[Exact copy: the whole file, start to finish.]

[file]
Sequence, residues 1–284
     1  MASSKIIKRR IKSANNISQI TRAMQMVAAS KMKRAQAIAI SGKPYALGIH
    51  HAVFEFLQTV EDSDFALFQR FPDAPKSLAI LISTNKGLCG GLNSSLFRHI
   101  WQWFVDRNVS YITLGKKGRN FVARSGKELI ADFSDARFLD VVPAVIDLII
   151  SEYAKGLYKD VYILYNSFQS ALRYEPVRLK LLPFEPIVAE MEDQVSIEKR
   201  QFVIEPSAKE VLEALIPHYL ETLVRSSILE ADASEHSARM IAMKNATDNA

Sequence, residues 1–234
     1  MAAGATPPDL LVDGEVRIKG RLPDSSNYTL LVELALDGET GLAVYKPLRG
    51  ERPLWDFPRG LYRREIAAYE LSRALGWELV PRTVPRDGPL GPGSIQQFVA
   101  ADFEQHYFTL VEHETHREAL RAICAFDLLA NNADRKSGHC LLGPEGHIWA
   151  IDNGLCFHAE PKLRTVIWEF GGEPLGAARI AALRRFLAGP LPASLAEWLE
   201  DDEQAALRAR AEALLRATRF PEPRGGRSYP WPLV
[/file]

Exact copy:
Sequence, residues 1–284
     1  MASSKIIKRR IKSANNISQI TRAMQMVAAS KMKRAQAIAI SGKPYALGIH
    51  HAVFEFLQTV EDSDFALFQR FPDAPKSLAI LISTNKGLCG GLNSSLFRHI
   101  WQWFVDRNVS YITLGKKGRN FVARSGKELI ADFSDARFLD VVPAVIDLII
   151  SEYAKGLYKD VYILYNSFQS ALRYEPVRLK LLPFEPIVAE MEDQVSIEKR
   201  QFVIEPSAKE VLEALIPHYL ETLVRSSILE ADASEHSARM IAMKNATDNA

Sequence, residues 1–234
     1  MAAGATPPDL LVDGEVRIKG RLPDSSNYTL LVELALDGET GLAVYKPLRG
    51  ERPLWDFPRG LYRREIAAYE LSRALGWELV PRTVPRDGPL GPGSIQQFVA
   101  ADFEQHYFTL VEHETHREAL RAICAFDLLA NNADRKSGHC LLGPEGHIWA
   151  IDNGLCFHAE PKLRTVIWEF GGEPLGAARI AALRRFLAGP LPASLAEWLE
   201  DDEQAALRAR AEALLRATRF PEPRGGRSYP WPLV